Svidler Peter 2747
Ponomariov Ruslan 2741
½-½
Leko Peter 2732
Dominguez Perez Leinier 2726
½-½
Kasimdzhanov Rustam 2696
Karjakin Sergey 2775
½-½
Wang Hao 2737
Round 4 on Sunday 25.11.2012 at 14:00
Kamsky Gata 2762
0-1
Wang Hao 2737
Kasimdzhanov Rustam 2696
½-½
Karjakin Sergey 2775
Leko Peter 2732
½-½
Dominguez Perez Leinier 2726
Svidler Peter 2747
1-0
Ponomariov Ruslan 2741
Morozevich Alexander 2748
½-½
Mamedyarov Shakhriyar 2764
Caruana Fabiano 2786
1-0
Gelfand Boris 2751
Round 5 on Tuesday 27.11.2012 at 14:00
Gelfand Boris 2751
0-1
Kamsky Gata 2762
Mamedyarov Shakhriyar 2764
½-½
Caruana Fabiano 2786
Ponomariov Ruslan 2741
1-0
Morozevich Alexander 2748
Dominguez Perez Leinier 2726
½-½
Svidler Peter 2747
Karjakin Sergey 2775
½-½
Leko Peter 2732
Wang Hao 2737
0-1
Kasimdzhanov Rustam 2696
Round 6 on Wednesday 28.11.2012 at 14:00
Kamsky Gata 2762
½-½
Kasimdzhanov Rustam 2696
Leko Peter 2732
½-½
Wang Hao 2737
Svidler Peter 2747
½-½
Karjakin Sergey 2775
Morozevich Alexander 2748
1-0
Dominguez Perez Leinier 2726
Caruana Fabiano 2786
½-½
Ponomariov Ruslan 2741
Gelfand Boris 2751
½-½
Mamedyarov Shakhriyar 2764
Round 7 on Thursday 29.11.2012 at 14:00
Mamedyarov Shakhriyar 2764
½-½
Kamsky Gata 2762
Ponomariov Ruslan 2741
½-½
Gelfand Boris 2751
Dominguez Perez Leinier 2726
0-1
Caruana Fabiano 2786
Karjakin Sergey 2775
1-0
Morozevich Alexander 2748
Wang Hao 2737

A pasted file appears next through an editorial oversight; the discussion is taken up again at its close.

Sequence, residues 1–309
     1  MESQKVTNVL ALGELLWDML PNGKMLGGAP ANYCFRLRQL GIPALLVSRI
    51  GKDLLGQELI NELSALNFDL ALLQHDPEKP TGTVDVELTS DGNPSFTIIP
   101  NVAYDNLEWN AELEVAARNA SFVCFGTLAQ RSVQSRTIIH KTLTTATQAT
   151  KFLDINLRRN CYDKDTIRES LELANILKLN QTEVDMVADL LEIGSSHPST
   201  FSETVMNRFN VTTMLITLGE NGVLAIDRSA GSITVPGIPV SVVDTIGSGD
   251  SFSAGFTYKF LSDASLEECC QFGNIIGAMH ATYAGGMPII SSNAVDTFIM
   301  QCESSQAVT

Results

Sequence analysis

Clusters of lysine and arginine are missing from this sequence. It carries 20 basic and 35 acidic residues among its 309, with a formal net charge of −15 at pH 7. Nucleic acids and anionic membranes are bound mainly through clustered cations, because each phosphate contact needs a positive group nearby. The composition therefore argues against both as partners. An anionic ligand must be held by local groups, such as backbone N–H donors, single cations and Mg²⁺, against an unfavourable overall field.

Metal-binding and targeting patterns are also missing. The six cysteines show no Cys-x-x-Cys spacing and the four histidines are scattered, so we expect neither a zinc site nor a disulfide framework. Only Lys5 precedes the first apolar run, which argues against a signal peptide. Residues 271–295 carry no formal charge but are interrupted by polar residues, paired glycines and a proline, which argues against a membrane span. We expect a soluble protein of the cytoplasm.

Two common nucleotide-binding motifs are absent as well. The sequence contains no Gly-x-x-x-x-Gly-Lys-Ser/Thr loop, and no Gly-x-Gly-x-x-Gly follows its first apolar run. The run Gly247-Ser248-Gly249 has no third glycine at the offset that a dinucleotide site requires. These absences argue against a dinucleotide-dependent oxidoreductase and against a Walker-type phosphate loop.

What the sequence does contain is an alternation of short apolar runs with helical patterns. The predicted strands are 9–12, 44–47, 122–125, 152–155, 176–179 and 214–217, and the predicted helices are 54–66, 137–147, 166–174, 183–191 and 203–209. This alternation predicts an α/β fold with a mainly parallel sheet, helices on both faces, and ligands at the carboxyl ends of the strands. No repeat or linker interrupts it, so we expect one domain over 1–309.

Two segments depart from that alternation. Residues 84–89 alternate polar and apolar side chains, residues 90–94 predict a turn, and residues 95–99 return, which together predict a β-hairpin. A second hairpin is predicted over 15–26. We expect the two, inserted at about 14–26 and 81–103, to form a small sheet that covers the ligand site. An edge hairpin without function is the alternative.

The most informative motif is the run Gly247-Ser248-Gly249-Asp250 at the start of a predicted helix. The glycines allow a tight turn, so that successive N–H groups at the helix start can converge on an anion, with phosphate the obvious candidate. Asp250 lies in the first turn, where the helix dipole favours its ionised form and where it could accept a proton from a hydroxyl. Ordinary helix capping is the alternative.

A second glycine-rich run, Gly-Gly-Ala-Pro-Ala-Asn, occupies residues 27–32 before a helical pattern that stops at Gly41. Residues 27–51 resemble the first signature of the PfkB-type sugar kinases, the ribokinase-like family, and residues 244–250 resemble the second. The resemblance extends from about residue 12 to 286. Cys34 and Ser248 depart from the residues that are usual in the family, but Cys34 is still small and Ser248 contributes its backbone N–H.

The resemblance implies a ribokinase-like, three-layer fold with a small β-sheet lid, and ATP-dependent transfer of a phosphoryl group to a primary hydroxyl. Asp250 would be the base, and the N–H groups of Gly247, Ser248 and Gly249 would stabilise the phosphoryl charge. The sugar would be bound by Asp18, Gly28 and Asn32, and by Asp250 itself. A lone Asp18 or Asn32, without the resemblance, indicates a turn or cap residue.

½-½
Svidler Peter 2747
Kasimdzhanov Rustam 2696
½-½
Leko Peter 2732
Round 8 on Friday 30.11.2012 at 14:00
Kamsky Gata 2762
0-1
Leko Peter 2732
Svidler Peter 2747
½-½
Kasimdzhanov Rustam 2696
Morozevich Alexander 2748
½-½
Wang Hao 2737
Caruana Fabiano 2786
½-½
Karjakin Sergey 2775
Gelfand Boris 2751
½-½
Dominguez Perez Leinier 2726
Mamedyarov Shakhriyar 2764
½-½
Ponomariov Ruslan 2741
Round 9 on Sunday 2.12.2012 at 14:00
Ponomariov Ruslan 2741
½-½
Kamsky Gata 2762
Dominguez Perez Leinier 2726
½-½
Mamedyarov Shakhriyar 2764
Karjakin Sergey 2775
½-½
Gelfand Boris 2751
Wang Hao 2737
1-0
Caruana Fabiano 2786
Kasimdzhanov Rustam 2696
½-½
Morozevich Alexander 2748
Leko Peter 2732
½-½
Svidler Peter 2747
Round 10 on Monday 3.12.2012 at 14:00
Kamsky Gata 2762
½-½
Svidler Peter 2747
Morozevich Alexander 2748
1-0
Leko Peter 2732
Caruana Fabiano 2786
½-½
Kasimdzhanov Rustam 2696
Gelfand Boris 2751
½-½
Wang Hao 2737
Mamedyarov Shakhriyar 2764
1-0
Karjakin Sergey 2775
Ponomariov Ruslan 2741
1-0
Dominguez Perez Leinier 2726
Round 11 on Tuesday 4.12.2012 at 12:00
Dominguez Perez Leinier 2726
1-0
Kamsky Gata 2762
Karjakin Sergey 2775
1-0
Ponomariov Ruslan 2741
Wang Hao 2737
1-0
Mamedyarov Shakhriyar 2764
Kasimdzhanov Rustam 2696
½-½
Gelfand Boris 2751
Leko Peter 2732
½-½
Caruana Fabiano 2786
Svidler Peter 2747
½-½
Morozevich Alexander 2748

Video Reports

Live video coverage with English language commentary is available on the player above. There is also Russian commentary on the video page of the tournament site.

Links

The games are being broadcast live on the official web site and on the chess server Playchess.com. If you are not a member you can download a free Playchess client there and get immediate access. You can also use ChessBase 11 or any of our Fritz compatible chess programs.